Interactions with clients that have family law issues produce issues and questions that frequently arise. In this installment of our family law blog, we are going to discuss some of the more common questions that I have received over the years regarding family law. Questions asked by multiple people, independent of each other, are asked for a reason. That reason is that there is a lot of misinformation out there. Let's clear some things up.
Today I'm going to try something different and, hopefully, fun. I came across a hypothetical a couple weeks ago regarding a couple, two dogs, puppies, and divorce. Lots of interesting issues that all involve equitable distribution. After all, pets are property in North Carolina.
Optimistic that you and your spouse can work your separation out prior to filing a court action? Fantastic, I love the optimism. Here's what you need to know to avoid the drawn out and dreaded legal process.
Believe it or not, prior to the NC Supreme Court's decision in Petersen v. Rogers anyone could file for custody of a child in North Carolina. The neighbor next door that doesn't know what a lawnmower is? Yep, he could have filed for custody of your kid in North Carolina prior to the Petersen decision. Some rando stranger-danger down the block? Yep, he could have filed for custody of your kid in North Carolina prior to the Petersen decision.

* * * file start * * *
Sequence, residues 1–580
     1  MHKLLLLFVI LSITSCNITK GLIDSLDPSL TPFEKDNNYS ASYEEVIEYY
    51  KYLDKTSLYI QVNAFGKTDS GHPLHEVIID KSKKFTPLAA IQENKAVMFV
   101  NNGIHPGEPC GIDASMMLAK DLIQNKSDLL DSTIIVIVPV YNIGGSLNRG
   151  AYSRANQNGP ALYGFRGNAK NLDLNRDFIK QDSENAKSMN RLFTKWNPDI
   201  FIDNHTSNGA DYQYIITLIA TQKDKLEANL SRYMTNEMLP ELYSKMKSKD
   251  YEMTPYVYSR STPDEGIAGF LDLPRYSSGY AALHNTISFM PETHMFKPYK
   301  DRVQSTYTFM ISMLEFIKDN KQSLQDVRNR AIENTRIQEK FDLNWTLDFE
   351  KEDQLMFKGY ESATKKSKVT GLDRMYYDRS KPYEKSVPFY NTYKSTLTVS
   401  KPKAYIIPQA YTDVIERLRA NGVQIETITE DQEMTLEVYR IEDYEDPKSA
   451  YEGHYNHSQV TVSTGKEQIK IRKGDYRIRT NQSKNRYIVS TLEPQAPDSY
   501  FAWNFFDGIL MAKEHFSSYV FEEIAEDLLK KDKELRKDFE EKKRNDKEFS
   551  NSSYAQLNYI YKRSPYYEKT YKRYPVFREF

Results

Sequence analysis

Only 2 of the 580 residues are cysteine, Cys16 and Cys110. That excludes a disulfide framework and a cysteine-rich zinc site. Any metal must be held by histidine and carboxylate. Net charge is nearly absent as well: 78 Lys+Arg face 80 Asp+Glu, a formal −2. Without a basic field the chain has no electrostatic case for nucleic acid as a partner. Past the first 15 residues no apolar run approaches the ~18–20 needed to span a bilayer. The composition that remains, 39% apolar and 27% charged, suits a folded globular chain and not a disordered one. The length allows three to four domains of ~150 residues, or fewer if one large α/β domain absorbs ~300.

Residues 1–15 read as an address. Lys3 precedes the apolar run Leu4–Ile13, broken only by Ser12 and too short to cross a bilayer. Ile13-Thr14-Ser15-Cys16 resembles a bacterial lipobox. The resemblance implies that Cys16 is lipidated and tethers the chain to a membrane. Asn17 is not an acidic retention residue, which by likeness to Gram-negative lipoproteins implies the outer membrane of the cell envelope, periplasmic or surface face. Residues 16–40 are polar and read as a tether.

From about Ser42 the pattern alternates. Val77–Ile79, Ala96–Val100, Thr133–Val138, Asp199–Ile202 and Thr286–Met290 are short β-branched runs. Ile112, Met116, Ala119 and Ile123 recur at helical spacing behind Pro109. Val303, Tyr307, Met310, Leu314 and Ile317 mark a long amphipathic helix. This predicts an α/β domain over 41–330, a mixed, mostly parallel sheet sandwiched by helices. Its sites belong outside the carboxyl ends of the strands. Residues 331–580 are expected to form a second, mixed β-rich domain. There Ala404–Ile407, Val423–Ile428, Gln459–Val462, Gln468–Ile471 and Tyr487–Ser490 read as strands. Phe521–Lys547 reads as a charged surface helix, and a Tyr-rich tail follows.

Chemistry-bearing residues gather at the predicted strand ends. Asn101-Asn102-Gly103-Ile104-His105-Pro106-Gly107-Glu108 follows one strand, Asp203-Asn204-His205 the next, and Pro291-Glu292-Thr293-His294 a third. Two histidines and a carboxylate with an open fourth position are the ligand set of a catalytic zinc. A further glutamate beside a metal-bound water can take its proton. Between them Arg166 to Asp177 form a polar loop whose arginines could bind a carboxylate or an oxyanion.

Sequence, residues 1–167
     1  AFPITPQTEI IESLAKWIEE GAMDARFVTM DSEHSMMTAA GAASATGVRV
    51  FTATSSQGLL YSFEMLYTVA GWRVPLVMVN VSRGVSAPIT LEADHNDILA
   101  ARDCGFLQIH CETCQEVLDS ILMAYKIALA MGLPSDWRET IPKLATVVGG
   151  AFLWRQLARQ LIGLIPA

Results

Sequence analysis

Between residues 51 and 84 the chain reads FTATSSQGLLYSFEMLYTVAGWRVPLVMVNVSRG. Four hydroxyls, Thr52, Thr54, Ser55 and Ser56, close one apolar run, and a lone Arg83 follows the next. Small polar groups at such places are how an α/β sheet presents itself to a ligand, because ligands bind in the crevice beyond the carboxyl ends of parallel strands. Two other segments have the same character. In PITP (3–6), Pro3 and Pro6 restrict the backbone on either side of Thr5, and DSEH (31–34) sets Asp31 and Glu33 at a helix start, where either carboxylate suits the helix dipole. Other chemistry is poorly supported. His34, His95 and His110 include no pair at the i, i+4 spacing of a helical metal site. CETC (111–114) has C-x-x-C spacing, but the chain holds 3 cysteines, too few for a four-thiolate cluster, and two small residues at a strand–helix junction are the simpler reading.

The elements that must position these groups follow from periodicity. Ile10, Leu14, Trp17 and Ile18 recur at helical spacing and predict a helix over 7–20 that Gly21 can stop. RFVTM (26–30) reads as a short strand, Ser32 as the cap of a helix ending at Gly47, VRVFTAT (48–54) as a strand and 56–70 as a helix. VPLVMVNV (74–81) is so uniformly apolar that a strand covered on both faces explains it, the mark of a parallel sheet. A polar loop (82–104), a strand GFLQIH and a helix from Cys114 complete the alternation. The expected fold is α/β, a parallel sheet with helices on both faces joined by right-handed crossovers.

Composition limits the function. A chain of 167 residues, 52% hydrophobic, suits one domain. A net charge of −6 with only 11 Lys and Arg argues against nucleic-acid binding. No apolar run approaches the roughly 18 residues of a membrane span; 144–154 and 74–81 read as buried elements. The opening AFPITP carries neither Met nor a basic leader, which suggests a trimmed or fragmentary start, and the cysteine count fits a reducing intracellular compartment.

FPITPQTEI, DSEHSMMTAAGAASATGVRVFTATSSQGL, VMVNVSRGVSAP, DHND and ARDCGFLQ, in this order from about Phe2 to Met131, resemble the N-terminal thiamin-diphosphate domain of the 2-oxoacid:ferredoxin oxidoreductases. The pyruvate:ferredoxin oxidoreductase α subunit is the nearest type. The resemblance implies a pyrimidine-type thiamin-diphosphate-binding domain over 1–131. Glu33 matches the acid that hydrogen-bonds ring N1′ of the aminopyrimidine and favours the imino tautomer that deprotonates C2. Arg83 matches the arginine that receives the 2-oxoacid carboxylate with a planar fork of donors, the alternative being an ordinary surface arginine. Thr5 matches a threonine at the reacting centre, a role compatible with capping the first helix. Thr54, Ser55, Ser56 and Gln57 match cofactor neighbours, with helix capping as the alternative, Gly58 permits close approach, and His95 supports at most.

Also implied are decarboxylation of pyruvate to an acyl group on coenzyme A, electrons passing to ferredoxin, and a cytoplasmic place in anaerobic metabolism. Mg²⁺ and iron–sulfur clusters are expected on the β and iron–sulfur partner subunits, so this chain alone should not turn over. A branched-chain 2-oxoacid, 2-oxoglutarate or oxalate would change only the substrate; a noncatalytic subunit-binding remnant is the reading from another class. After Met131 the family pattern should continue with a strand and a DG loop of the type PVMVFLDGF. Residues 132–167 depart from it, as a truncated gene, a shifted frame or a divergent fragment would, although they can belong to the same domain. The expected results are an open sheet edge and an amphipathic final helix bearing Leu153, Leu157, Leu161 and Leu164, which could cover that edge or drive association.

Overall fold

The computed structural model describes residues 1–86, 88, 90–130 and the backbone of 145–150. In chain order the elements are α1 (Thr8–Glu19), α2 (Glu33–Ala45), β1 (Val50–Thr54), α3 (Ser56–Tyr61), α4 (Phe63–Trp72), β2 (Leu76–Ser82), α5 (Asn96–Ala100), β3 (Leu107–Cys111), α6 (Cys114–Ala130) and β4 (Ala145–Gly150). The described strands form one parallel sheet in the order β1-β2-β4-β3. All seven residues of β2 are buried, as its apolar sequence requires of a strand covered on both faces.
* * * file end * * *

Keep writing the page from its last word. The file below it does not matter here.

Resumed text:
North Carolina General Statute section 50-13.1 establishes actions for custody in North Carolina. There are a number of ways that custody can be agreed upon by the parties. I talk further about that here.
Typically, during the outset of a separation, a party may consider moving to a new state and want to take his/her child with them to start a new life. That may well be a very bad idea depending on the circumstances. This blog post discusses the UCCJEA, which stands for the Uniform Child Custody Jurisdiction Enforcement Act.
In the spirit of the holiday season and reminiscing about that beloved Christmas movie that all children fantasize about, I have come up with this foregoing blog post. No, it's not about giving, or being with family, it's about being left alone.